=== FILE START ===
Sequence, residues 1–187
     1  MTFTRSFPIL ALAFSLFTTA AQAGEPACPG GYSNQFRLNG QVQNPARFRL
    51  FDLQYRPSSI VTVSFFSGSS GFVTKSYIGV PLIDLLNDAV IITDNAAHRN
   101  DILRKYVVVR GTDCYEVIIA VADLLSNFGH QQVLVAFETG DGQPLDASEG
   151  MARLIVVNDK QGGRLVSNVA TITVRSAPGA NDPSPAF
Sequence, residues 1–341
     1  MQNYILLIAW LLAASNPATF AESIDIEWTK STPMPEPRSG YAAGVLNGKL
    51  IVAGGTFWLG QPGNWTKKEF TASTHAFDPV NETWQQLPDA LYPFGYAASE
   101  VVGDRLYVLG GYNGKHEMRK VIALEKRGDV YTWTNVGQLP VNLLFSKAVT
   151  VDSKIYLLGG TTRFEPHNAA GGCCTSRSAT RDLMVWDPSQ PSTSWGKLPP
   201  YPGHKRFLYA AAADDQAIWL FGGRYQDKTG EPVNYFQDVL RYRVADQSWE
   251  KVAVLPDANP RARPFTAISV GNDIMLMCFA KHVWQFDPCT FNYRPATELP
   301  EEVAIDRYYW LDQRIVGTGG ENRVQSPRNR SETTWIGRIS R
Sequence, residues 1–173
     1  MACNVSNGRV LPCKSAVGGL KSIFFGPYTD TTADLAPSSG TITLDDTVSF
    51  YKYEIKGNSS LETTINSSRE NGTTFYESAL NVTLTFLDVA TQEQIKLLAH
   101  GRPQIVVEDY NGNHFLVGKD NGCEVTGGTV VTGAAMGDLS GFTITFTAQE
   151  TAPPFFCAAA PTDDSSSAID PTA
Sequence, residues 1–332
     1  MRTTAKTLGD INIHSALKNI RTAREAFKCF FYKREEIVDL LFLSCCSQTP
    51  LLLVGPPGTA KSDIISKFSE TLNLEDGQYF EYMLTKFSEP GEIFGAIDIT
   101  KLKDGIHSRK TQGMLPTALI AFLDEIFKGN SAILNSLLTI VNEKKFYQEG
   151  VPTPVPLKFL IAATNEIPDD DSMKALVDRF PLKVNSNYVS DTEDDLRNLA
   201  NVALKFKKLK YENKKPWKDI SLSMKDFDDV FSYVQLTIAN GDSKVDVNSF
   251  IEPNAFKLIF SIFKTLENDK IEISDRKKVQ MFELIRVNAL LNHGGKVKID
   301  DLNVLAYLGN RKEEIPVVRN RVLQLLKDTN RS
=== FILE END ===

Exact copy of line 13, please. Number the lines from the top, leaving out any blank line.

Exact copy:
   301  EEVAIDRYYW LDQRIVGTGG ENRVQSPRNR SETTWIGRIS R